Article - Le Nouvel Economiste
In his 1835 fairy tale, The Emperor’s New Clothes, Hans Christian Andersen tells the story of the unfortunate story of a crowned head of state who “had a coat for every hour of the day of the week.” Cheated by two crooks who proclaimed the merits of a material that was invisible to the eyes of anyone who was stupid or unfit for his office, the king ended up in a procession in front of his subjects… in his birthday suit. Over and above the moral of the story – that vanity can lead to ridicule – there is the inevitable “lockstep” between power and appearance that gives the tale its power, long before royal families, politicians or entertainment stars were so prominent in the media.
The world of business had long been spared from the dictatorial effects of the need to look right, but that time is now over. “The image of top managers is under ever increasing scrutiny, linked to the growth of the media and the development of the internet. The power of image is such that form often triumphs over substance. Politicians have long been used to this extreme focus on personality. For business leaders, it is a more recent phenomenon,” explains Patricia Chapelotte, associate director of “Albertine & Media,” a communications and media strategy consultancy. Because a poorly maintained image can tarnish a reputation, blur the message to be delivered or convey values that run contrary to the company’s mission, many leaders have reached the conclusion that a more thoughtful approach is merited. “Some leaders realise that they can’t optimise their credibility if they don’t work on their style. Like celebrities, they may feel a certain pressure from the media. It is true that visual communication is essential. In my field, we often say that you can’t judge a book by its cover, but it your appearance can mean you’re left on the shelf,” explains Hélène Vidal, a private stylist who acts as an image consultant for high-end, corporate clients. While the watchful eye of the media can emphasise certain physical defects or poorly fitting clothes, it’s not alone in focusing on senior business leaders. Business partners and employees, in particular, are in a privileged position to observe a CEO’s appearance – and sometime to criticise it as well. “Internal communication has grown and developed substantially in companies, and we’ve moved on from the traditional round robin letter to all staff, towards more and more powerful tools that also play their role in making the leader’s role a much more personal one,” emphasises Patricia Chapelotte. Whether or not they want to, men and women in positions of power must therefore pay particular attention to their appearance – but goodwill is not enough.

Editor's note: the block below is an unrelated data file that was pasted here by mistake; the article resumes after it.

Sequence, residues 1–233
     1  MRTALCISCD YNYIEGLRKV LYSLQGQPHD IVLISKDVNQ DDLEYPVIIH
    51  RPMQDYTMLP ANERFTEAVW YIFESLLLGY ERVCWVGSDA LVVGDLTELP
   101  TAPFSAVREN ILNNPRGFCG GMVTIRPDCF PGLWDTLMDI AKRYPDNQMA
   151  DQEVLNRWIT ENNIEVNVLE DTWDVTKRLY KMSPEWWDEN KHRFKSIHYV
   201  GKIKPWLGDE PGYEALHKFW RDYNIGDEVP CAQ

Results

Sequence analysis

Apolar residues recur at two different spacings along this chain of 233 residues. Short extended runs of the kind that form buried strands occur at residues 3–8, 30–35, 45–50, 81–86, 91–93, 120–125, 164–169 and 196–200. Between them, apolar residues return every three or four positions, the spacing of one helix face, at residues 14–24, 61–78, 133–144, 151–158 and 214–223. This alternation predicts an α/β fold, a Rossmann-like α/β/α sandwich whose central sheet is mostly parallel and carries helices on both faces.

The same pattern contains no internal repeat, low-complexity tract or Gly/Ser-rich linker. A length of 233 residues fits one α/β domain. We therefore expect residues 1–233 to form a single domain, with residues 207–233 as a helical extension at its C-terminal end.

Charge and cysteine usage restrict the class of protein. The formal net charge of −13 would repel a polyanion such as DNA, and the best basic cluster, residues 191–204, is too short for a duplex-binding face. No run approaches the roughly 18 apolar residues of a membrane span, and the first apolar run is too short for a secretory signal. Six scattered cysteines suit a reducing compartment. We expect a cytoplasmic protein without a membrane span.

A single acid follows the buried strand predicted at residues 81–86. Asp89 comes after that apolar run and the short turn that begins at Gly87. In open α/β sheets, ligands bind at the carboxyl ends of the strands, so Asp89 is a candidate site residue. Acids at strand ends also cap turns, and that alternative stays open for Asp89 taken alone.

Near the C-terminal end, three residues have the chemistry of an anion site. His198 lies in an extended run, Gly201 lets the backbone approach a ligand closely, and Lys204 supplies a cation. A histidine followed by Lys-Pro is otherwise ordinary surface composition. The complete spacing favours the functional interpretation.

How can they adopt the right style and avoid stumbling in front of the media or their employees and business partners? Some basic principles seem to create a basic framework to adhere to Industry matters - While Mark Zuckerberg and Steve Jobs can show up in jeans, T-shirts and trainers without shocking anyone, it’s hard to imagine LVMH’s Bernard Arnault or even Renault’s Carlos Ghosn in the same outfit. But why do media and public opinion allow tolerance for some people that they refuse to others. In fact, the industry sector can represent a clear, crucial dividing line. “In the creative sector and marketing and communications, leaders can afford to appear a bit more relaxed. In the worlds of finance and law, people favour elegance and tradition. They don’t want to draw the wrong kind of attention to themselves,” affirms Vincent Colin, co-founder of “Swann & Oscar”, a company that sells made-to-measure shirts. The symbols and even clichés that apply to each sector die hard and in general are fully absorbed by the sector’s senior managers. Adapting your style to your line of business is seen as a demonstration of common sense and shared values. It’s tough, therefore, to avoid being dressed to the nines as the head of a large group in the luxury sector, and tough to do without a little austerity as a captain of industry or the head of a bank. On the other hand, advertising, marketing, and the cultural sector convey more playful and creative values that are more compatible with a more original or relaxed look.
Added to this essential consistency between appearance and industry, there is another golden rule: to respect the basics. Before innovating in terms of appearance, you have to be adept at dealing with simple stylistic challenges, and managers should therefore make space in their wardrobe for some timeless classics. “For women, a trouser suit is an essential. In the business world, men don’t necessarily wear ties every day but they inevitably reappear for big events. Ties add structure to a suit,” explains Brigitte Esnoult, who provides training and consultancy around image and communications, as well as a stylist who specialises in creating a professional image.Read the PDF article